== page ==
1992 年 40 巻 6 号 p. 1106-1112
The Japanese Association of Rural Medicine (JARM) was established in 1952. In those years, the living standards of rural communities were poor, contagious diseases were prevalent and rural people fell with malnutrition. As the Japanese economy began to grow at a high pace in or around 1960, rural communities have drastically changed, enabling farmers to enjoy a better life. With farmers having access to jobs other than agriculture, their cash incomes increased, rural manpower drifted to cities, and the number of farming families has since been on the downswing. It is inconceivable that agriculture, which forms part of the primary industry, will die out, and authoritative sources agree that there will appear an international food crisis toward the 21st century.
When it comes to “agricultural medicine” in Japan, I must point out, more than anything else, that deaths in labor accidents become increasingly frequent. The safety measures are inadequate, so are the measures to compensate for labor accidents. In the ongoing development of agricultural technology, meanwhile, it is noted that there appear new types of health disorders and diseases. They include pesticide poisoning, greenhouse diseases, abortions caused by vibrating cultivators and pollinosis. The future question is to compensate for them as “agricultural diseases.” As regards “rural health, ” it must be pointed out that there are cases of family disruption and many cases with stress diseases in the midst of the ongoing trend in which farmers try to have access to better side jobs. The most crucial issue is the rapid pace at which aging is in progress in rural communities. How do we deliver care to bedridden old people and those with dementia? How to organize such community care? Those are questions we have yet to find solutions.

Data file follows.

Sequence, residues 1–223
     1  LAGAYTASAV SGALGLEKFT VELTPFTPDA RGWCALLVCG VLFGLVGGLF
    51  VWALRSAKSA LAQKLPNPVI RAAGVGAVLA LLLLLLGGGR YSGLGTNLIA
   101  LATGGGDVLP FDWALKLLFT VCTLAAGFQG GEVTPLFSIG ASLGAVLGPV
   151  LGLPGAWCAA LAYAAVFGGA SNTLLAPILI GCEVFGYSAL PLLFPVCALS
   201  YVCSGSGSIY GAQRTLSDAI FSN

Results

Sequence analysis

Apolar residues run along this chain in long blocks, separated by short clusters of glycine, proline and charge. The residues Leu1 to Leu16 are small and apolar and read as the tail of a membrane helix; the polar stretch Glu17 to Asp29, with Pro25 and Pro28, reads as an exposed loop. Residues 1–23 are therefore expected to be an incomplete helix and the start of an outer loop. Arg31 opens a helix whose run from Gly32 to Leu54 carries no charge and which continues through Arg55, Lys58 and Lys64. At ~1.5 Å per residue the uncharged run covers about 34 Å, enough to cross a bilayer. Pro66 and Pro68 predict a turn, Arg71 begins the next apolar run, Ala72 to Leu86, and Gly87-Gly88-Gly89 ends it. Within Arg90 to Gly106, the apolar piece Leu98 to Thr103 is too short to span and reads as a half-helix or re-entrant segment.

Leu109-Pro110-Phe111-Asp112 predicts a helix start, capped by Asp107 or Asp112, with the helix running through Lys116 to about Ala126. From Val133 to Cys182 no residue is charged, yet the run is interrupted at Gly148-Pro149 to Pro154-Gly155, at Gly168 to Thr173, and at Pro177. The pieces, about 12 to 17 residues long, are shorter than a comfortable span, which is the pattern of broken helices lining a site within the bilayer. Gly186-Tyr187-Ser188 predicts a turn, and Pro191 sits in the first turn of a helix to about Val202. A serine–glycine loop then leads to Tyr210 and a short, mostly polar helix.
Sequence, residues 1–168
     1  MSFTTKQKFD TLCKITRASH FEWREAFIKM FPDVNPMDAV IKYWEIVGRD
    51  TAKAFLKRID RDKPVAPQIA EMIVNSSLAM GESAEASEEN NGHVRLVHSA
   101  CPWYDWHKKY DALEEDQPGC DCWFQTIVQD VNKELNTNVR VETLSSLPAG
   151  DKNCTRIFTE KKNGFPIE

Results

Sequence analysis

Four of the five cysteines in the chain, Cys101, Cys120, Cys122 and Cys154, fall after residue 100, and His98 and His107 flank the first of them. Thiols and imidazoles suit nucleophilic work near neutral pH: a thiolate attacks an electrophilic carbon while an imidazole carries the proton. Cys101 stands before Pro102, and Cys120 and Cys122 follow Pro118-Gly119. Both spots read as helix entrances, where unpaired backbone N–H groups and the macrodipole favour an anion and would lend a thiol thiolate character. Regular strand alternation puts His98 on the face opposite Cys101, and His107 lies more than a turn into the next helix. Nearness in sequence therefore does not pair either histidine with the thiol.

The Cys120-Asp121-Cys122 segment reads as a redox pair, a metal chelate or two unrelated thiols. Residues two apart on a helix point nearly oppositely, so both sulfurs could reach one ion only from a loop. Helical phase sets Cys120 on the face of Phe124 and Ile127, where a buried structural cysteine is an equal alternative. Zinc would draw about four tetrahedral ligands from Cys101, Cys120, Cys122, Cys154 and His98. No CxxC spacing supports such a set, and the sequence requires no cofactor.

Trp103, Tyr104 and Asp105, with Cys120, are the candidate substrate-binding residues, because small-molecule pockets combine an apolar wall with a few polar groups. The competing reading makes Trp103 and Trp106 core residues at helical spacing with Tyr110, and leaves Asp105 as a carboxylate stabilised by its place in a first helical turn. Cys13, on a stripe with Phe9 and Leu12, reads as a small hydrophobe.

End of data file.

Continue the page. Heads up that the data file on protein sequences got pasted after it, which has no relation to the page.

In the past, there were struggles against diseases caused by pollutants (such as Minamata Disease and Itai-Itai Disease). There will be the need for a positive campaign for the protection of water and green in the rural environment. Environmental issues have to be taken up in an international perspective. On the question developing countries is a major causative factor. We are no longer able to discuss about agricultural medicine and rural health without relevance to the developing world.